Here’s an appetizer from Joyce M Stubbs Home Book of Greek Cookery (1963). It’s Spinach Pasties and sounds quite delightful. This was my first time cooking with filo pastry and I can’t say I was very confident. I was pleased with how quickly it defrosted though, almost suspiciously fast. What is filo pastry anyway? It’s so thin; it’s unnatural. I didn’t trust it an inch. I’m afraid I was rather hungry when I made these and the entire process was rushed. This shows in the results. I know very little about Greek cuisine, not much more beyond moussaka and the existence of feta and I have certainly not done it justice with this.

Here’s the recipes (the first recipe references the second, see):

The first mistake I made was using tinned chopped spinach, for reasons of cost. It’s quite hard to get rid of the metallic taste. I didn’t manage. This tasted of tin. The second mistake was to omit the bechamel. This was sheer laziness. The third mistake involved the filo pastry – I didn’t get the widths right/ consistent, and the length of the pastry strips was too long, resulting in parcels of thick pastry that cooked nicely on the first couple of layers, but the inside layers were barely done and very, well, pastry-y. Chewy. What I’d imagined was something delicious like the pastries I had in Croatia last summer – soft, flaky pastry with a gooey middle. What I got were hard, almost inedible masses with some tinny and poorly seasoned spinach inside. The feta was barely noticible, the spring onions unwelcome lumps, and the pastry horrid. Most the blame can be laid at my feet – should have realised there was too much pastry involved, and that the filling was going to be bland. I ended up tearing them apart and eating the middle, joylessly. Once again, my conclusion is that with tweaking this could work, but that this actual recipe is mediocre.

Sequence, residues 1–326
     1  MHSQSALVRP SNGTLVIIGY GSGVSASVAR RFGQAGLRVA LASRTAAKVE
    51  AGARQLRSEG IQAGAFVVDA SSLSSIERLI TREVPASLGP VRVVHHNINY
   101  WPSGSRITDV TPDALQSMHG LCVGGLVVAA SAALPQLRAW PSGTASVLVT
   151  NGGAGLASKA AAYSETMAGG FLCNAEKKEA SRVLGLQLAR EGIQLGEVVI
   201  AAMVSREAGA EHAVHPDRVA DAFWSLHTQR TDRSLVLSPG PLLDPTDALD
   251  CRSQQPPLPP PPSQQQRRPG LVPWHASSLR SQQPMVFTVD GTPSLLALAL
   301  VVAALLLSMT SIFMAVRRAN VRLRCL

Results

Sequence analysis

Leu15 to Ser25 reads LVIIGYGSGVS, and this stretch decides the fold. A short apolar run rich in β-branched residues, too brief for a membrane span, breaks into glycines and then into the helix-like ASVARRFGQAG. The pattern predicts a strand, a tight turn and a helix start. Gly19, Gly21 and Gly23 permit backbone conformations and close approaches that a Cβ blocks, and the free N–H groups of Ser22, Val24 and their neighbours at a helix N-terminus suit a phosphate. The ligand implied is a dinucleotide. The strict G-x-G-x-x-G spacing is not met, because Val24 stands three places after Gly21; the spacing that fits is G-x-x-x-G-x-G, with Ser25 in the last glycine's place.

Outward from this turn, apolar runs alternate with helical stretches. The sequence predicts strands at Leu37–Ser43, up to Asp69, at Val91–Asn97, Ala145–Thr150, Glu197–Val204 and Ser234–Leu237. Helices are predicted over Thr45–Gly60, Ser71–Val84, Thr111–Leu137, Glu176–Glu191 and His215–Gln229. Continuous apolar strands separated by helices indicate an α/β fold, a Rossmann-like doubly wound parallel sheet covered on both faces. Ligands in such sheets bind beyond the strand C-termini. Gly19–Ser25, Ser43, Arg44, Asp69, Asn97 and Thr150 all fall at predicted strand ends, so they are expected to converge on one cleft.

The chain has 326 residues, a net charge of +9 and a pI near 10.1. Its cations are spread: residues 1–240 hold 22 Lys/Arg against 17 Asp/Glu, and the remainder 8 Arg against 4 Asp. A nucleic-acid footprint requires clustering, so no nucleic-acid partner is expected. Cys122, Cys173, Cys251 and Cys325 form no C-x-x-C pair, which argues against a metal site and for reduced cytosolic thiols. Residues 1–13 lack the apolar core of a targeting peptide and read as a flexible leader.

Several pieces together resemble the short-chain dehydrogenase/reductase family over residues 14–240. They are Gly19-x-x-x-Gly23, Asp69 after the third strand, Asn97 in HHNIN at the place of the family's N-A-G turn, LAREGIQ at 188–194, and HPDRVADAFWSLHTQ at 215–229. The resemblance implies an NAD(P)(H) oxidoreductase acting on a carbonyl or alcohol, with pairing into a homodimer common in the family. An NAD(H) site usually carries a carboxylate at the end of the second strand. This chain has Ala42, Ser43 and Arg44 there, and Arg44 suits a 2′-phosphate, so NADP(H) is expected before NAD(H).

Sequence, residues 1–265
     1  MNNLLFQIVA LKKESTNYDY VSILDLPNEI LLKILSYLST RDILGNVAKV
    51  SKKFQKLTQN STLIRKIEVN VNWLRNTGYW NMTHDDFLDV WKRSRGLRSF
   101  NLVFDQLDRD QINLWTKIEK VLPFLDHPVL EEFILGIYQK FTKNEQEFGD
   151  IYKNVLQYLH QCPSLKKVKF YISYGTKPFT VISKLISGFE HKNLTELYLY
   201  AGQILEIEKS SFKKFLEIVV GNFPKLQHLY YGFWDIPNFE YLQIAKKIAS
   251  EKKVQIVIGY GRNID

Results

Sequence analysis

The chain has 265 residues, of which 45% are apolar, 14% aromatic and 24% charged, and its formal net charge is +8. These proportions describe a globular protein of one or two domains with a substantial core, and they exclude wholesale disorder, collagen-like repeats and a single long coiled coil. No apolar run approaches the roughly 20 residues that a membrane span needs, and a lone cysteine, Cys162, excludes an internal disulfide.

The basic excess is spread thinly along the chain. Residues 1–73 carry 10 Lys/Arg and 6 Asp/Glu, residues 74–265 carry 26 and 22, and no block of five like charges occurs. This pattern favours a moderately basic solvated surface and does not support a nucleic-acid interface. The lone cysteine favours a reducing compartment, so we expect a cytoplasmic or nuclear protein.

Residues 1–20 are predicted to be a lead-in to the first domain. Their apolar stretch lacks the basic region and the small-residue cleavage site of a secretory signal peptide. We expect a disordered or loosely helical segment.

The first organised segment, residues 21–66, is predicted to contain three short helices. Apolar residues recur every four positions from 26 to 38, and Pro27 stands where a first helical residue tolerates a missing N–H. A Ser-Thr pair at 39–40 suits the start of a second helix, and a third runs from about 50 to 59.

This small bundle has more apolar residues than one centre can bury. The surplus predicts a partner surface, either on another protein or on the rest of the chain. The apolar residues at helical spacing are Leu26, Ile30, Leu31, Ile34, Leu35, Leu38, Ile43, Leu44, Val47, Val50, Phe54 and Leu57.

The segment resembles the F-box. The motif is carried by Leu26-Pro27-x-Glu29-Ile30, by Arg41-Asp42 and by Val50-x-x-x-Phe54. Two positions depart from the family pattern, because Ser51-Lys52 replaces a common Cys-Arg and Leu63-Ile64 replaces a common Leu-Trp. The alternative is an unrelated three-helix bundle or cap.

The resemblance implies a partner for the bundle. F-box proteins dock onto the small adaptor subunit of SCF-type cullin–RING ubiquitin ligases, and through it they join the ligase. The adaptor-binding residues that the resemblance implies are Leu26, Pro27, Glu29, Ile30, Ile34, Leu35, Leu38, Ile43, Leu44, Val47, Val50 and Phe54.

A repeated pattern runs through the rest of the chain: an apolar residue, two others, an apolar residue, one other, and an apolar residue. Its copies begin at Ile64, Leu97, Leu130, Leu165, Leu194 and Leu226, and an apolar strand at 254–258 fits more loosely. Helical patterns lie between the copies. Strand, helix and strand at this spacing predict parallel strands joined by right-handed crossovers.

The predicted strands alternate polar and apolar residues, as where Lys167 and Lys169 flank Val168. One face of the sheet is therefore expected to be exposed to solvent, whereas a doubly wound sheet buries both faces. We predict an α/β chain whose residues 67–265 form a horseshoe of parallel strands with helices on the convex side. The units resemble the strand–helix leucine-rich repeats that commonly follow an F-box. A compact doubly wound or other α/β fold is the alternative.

SpSpanned by Alix

2 responses to “Spanakopitakia

  1. Tinned spinach is the devil. I am a huge fan of frozen spinach though. Much easier to work with…

  2. I think there’s another version, similar ingredients but made more lasagna-style, layered in a big dish. If I find it I’ll try and transmit it to you; it counts as ‘vintage’ being from the late 1970’s.